Whitebark pine protection plan

Posted 6/9/11

Whitebark allows other conifers, such as spruce and fir, to colonize, said Ellen Jungck, Shoshone National Forest silviculturist in Dubios and representative on the Whitebark Pine Committee.

“The whitebark pine’s large, protein-rich seeds are …

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Whitebark pine protection plan


Strategy developed to preserve threatened species

A multi-agency team is developing a strategy to preserve the insect- and disease-threatened whitebark pine tree that is considered a foundation species in mountains across the West.

Growing just below timberline, whitebark pine shades snow, thus slowing snowmelt. It allows other plants to gain a foothold in its rugged terrain, said Kelly McCloskey, Whitebark Pine Committee chair and ecologist at Teton National Park.

Whitebark allows other conifers, such as spruce and fir, to colonize, said Ellen Jungck, Shoshone National Forest silviculturist in Dubios and representative on the Whitebark Pine Committee.

“The whitebark pine’s large, protein-rich seeds are an important food source for birds, squirrels, black and grizzly bears and other mammals,” said the Whitebark Pine Strategy, written by the Whitebark Pine Subcommittee of the Yellowstone Coordinating Committee.

Whitebark pine is currently threatened by both insects and disease, said the Greater Yellowstone Coordinating Committee news release. It is found on 10 percent, or 2.5 million, acres of the 24 million-acre Greater Yellowstone area. Of Shoshone National Forest’s nearly 2.5 million acres, 624,825 acres contain whitebark pine, with 217,270 of those acres dominated by whitebark, said the strategy.

Data from studies over the last few years indicate more than 50 percent of whitebark stands in the Greater Yellowstone area have suffered high to complete mortality in tree canopies, and 95 percent suffer pine beetle activity, said the strategy.

It was thought that whitebark habitat was too cold for beetles, but the insect’s expansion into higher climes in the last decade suggests a warming climate. Although less is known of blister rust, warmer weather and higher humidity aid the spread of rust, the strategy said.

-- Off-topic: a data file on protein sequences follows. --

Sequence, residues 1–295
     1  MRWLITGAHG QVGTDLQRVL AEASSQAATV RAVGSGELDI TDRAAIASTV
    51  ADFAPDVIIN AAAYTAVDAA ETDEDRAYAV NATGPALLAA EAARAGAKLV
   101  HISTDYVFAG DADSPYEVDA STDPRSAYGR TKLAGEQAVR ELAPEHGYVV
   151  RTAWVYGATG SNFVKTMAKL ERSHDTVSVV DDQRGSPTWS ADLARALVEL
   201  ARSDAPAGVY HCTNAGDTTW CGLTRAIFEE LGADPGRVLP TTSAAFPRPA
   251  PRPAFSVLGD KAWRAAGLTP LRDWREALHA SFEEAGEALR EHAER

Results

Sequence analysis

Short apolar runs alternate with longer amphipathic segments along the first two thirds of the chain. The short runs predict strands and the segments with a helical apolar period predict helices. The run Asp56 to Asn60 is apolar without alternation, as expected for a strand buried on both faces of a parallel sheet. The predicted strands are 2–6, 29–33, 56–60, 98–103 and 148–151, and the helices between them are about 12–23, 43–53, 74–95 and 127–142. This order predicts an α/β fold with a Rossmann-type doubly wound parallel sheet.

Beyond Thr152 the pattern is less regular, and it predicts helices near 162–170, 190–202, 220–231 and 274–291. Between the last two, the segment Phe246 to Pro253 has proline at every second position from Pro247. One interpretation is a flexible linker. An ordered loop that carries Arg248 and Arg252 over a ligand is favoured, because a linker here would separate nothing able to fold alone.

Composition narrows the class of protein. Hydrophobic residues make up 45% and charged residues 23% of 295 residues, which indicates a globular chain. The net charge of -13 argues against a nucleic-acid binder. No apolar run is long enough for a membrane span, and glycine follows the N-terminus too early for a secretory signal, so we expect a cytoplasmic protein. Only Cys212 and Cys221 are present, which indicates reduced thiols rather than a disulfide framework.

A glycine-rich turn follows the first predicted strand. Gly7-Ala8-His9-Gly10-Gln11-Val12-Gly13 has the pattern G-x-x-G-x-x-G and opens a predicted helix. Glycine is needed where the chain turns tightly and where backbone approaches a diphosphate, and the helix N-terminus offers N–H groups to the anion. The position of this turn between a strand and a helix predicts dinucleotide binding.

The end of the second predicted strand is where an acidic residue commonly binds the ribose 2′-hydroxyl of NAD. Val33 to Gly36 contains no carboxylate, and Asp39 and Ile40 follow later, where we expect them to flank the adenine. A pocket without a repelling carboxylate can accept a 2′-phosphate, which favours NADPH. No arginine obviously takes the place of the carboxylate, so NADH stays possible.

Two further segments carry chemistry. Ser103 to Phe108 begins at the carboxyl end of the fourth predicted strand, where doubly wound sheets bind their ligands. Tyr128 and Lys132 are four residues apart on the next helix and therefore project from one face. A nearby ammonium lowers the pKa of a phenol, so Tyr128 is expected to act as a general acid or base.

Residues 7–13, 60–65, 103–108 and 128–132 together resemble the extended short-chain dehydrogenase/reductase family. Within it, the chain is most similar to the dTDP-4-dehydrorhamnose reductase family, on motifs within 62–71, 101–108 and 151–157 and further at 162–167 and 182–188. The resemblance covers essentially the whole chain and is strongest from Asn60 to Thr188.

White blister rust is nonnative, but mountain pine beetles are natives.

Warmer temperatures and adequate moisture could lead to the prevalence of other tree species where whitebarks once were the dominant trees, the strategy said.

The strategy’s emphasis is on genetic conservation, McCloskey said.

One example would be growing blister rust-resistant trees. More than 20 percent of whitebark pines show genetic resistance to blister rust, McCloskey said.

So, cones from whitebarks showing blister rust resistance are collected and the seedlings can be planted in the future. Some places — mostly where there were fires — have been planted, McCloskey said.

Proposed locations for protection and restoration will be prioritized.

Examples of some of the strategies in the Shoshone Forest include 300 acres targeted for beetle treatment through 2013, coordinating with fire managers to discourage fire where there are cone-bearing whitebarks through 2014 and collecting cones from rust-resistant trees at 20 trees per year through 2014. Planting seedlings also is planned through 2013.

Strategy objectives include protecting remaining whitebark, promoting genetic diversity, reducing timber fuels down-slope from whitebark, planting whitebark while anticipating climate change and maintaining and restoring whitebark in grizzly bear recovery areas.

Reducing fuels below whitebark stands prevents fires from reaching them, Jungck said.

Whitebark begin producing seed cones between 60 and 80 years old and continue growing good cones until around 120 years old, Jungck said.

The Clark’s nutcracker will disperse the seeds, but the nutcracker will sometimes snatch the seeds from the cones before they ripen. In some locations, cages are placed around cones to allow seeds a chance to cure, so those seeds can produce seedlings, Jungck said.

Nutcrackers will fly several kilometers to cache seeds, so areas are cleared by humans to encourage the birds to stash the seeds and so encourage whitebark seedlings, Jungck said.

Clark’s nutcrackers resemble gray jays, but they are lighter gray, have longer beaks and have white patches on their black wings and tails, according to Peterson Field Guides to Western Birds.

Both nutcrackers and gray jays are sometimes referred to as camp robbers.

“Caw, caw,” said Jungck in a raspy voice, with a laugh, trying to imitate a Clark’s nutcracker. “They’re noisy.”

The strategy will be updated as whitebark preservation knowledge increases, McCloskey said.

The strategy is the culmination of five years of work by professional ecologists, foresters and wildlife biologists in the Greater Yellowstone Area, said the release.

The strategy demonstrates multi-agency commitment to work together, McCloskey said.

Whitebark Pine Committee partners include forest and Park Service personnel in the Greater Yellowstone area, private forestry, university researchers, U.S. Geological Survey, Interagency Grizzly Bear Study Team and Whitebark Pine Ecosystem Foundation members.

The latest beetle infestation started in 1999.

Whitebark pines will endure, but the strategy is needed nonetheless to protect them, McCloskey said.

Still, the landscape is changing.

“It’s pretty clear whitebark pine are not going to look the same in our lifetime as they did 20 years ago,” McCloskey said.